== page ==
How will you be remembered when you are gone? Would you want your loved ones to honor your memory with a song, a poem, or a story? My maternal Great Grandfather, Samuel B. Nelson was an alumni from Dartmouth College in New Hampshire. He began writing letters to the college in 1934, and the Dartmouth Alumni Magazine began publishing these letters. I have copies of a series of 6 such letters, that you will find below.
In this first letter, written by Sam, which was published in the May 1934 issue, he reports that he has 5 sons, and 13 grandchildren. At this point in time, the AAA (Agricultural Adjustment Act), had ordered him to reduce his milk production, but the writer of this magazine doubts that Sam had done so.
The 2nd letter was also written by Sam, and it was in the June 1934 issue. He spoke of plenty of snow on the slopes for skiing. He had a recent visit from his son, Forrest and his wife, and all 5 granddaughters. Sam now has 18 grandchildren to brighten his days.
Letter number 3 was again written by Sam, and either there was a very lengthy period of time between letters, or possibly there are missing letters, as this one was published in January 1940. Sam had just added another grandchild making the count 19 to date. He is back to walking with a cane, just like he did in his senior year at college. His letter was dated December 1, and based on the statements made in the latter part of the article, there were concerns that possibly Sam would have difficulties making it through the holidays.
Sam's 4th letter, published in the June 1940 issue, would prove to be his last. This time, he spoke of having his "full quota of grandchildren", and was still keeping up hope for his last 2 sons and 1 daughter to be married and start having children. Sam's kids are scattered to the 4 winds, so for the first time ever in 50 years of marriage, Sam & Flora are alone.
There was no letter in this issue, because Samuel Boody Nelson had died. In place of a letter, the Alumni Magazine published the complete obituary for Sam. The obituary was sent by Mrs. Nelson along with a short note to the class secretary. In it, she wrote that he had passed away after a slight shock, followed by a heart attack. Since timing is very important when determining the course of events in your ancestor's past, it would be good to know exactly how much time had passed between "a slight shock" and the "heart failure". Also good to know, is why Mrs. Nelson referred to the event as a "slight shock". Would a "slight shock" cause a heart attack? I doubt it very much. Logic tells us, that it would take a pretty major shock, unless there was evidence of a prior heart condition. That evidence has not, thus far, manifested itself. It is possible that Mrs. Nelson was being polite in writing about her husband's demise.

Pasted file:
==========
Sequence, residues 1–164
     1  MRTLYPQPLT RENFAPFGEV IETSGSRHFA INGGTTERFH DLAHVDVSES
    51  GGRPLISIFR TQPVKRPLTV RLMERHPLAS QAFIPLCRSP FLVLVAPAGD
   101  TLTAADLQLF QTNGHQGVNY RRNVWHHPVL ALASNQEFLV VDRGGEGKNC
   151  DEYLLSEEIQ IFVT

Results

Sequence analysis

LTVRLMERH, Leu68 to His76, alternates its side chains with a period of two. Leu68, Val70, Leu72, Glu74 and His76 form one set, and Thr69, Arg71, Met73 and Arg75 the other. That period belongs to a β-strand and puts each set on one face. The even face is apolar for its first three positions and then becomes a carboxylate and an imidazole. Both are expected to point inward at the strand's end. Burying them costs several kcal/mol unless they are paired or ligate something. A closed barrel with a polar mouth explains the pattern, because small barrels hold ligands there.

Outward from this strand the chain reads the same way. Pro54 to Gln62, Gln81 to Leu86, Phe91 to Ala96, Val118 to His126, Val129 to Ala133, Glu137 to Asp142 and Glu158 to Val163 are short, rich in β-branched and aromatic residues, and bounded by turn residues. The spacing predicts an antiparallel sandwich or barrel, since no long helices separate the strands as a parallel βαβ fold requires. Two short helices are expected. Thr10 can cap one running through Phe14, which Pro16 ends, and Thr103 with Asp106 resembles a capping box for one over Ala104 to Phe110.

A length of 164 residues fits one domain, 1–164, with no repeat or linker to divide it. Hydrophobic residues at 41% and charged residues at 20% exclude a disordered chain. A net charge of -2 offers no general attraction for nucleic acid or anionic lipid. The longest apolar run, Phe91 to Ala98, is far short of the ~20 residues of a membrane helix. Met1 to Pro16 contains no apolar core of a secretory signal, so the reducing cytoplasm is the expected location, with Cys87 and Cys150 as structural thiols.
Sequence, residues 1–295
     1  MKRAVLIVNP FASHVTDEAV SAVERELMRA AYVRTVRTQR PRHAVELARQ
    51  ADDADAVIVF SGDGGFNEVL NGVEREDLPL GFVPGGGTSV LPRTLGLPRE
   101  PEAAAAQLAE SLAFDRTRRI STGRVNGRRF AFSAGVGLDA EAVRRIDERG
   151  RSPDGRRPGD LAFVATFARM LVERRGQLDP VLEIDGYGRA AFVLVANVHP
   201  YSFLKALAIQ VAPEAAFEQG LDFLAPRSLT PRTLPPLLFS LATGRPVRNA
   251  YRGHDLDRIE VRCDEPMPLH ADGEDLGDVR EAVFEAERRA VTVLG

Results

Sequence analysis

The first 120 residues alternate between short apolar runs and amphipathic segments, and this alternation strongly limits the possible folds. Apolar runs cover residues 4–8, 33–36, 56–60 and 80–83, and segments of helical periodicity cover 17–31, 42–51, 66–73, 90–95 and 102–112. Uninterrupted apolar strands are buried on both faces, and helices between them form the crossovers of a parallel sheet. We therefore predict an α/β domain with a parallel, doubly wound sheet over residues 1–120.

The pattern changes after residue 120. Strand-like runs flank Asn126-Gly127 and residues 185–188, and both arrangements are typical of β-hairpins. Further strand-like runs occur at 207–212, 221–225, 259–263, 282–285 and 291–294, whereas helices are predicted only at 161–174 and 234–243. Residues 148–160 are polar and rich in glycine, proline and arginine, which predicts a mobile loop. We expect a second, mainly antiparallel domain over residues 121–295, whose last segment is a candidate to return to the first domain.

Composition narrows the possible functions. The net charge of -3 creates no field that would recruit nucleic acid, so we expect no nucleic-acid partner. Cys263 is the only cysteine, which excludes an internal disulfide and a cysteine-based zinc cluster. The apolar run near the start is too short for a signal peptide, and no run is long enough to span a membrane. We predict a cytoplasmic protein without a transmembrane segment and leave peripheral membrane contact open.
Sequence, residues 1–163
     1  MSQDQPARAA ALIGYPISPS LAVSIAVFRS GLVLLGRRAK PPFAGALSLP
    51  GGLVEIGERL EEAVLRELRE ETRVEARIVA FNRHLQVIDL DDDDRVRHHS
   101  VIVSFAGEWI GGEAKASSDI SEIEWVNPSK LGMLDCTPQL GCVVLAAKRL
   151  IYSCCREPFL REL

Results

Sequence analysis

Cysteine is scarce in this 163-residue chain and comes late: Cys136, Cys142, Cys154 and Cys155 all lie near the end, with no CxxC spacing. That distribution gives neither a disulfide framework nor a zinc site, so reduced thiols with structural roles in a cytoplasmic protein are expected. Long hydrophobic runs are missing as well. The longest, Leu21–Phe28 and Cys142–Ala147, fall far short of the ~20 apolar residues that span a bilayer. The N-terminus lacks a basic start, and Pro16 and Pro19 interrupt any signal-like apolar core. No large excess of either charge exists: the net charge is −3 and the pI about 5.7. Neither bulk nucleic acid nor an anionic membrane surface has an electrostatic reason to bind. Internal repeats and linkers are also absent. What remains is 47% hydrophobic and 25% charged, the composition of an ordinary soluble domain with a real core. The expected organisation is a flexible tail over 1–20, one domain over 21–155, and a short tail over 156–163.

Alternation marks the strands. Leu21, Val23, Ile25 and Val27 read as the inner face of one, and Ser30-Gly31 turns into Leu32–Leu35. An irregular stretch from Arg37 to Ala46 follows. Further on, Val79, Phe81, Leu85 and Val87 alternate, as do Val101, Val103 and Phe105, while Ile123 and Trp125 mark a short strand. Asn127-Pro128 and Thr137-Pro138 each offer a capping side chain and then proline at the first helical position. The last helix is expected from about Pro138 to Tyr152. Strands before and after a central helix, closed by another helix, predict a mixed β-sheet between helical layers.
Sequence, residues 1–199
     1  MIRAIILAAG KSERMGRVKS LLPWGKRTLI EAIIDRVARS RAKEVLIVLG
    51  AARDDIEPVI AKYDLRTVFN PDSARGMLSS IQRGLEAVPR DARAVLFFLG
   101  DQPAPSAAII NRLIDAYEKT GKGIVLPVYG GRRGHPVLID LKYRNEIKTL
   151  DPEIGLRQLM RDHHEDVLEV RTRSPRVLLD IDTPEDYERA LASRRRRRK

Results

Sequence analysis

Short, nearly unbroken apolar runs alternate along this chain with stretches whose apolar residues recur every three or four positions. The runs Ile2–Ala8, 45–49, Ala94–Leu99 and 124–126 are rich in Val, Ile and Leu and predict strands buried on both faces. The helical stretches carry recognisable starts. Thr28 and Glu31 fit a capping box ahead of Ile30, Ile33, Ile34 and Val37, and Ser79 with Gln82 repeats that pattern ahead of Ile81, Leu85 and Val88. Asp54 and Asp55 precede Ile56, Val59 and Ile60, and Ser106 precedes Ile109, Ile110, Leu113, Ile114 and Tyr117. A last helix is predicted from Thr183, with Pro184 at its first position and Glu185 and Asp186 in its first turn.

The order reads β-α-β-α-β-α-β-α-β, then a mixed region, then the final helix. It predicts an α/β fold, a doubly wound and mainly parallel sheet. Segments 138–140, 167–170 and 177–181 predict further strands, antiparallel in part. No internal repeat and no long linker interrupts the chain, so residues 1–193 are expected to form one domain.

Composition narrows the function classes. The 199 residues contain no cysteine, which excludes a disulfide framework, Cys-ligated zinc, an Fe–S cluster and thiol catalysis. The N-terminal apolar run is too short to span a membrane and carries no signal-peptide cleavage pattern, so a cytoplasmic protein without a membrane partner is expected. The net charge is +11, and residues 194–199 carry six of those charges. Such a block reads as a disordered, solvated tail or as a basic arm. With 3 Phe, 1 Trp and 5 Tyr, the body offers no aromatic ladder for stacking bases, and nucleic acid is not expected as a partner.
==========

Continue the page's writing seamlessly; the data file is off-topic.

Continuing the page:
Ever since I have been researching the lives and deaths of my Sam Nelson and family, I have now uncovered the biggest family secret so far. Sam & Flora had 2 children who never married, son, Floyd, and daughter, Kathleen. That was because they decided that they were in love with each other, and were going to live together as husband and wife. Now, Floyd was 14 years older than Kathleen. I have confirmed that in 1940, both Floyd and Kathleen left the family home, and even moved from the state of Vermont. I have not yet found evidence to support a theory of both of them leaving together. However; I did locate Floyd in the 1940 U.S. Federal Census, renting a room in the large home of Donald Keller, and Floyd was working at the local hospital as an orderly. Kathleen's obituary states that she left Vermont in 1940. There is no mention of exactly where she moved to. When they made the decision to live together as such, they also decided to have children. I can imagine the shame and horror that Sam & Flora felt. There were 2 children from this union. First a son, Larry born in 1948, then a daughter, Flora born in 1952.
After all that had transpired within the family, it was another 5 years before a final letter was received. My Great Grandma Flora wrote this one. Nothing earth shattering was reported; only an update on all the kids and their families. At the end of the letter, Flora writes about the pleasure that Sam received from all the countless cards over the years from his college classmates at Dartmouth. I believe it was this in the end that gave Sam a small sense of relief, to help him mentally escape the stressed caused by the fraction of his family!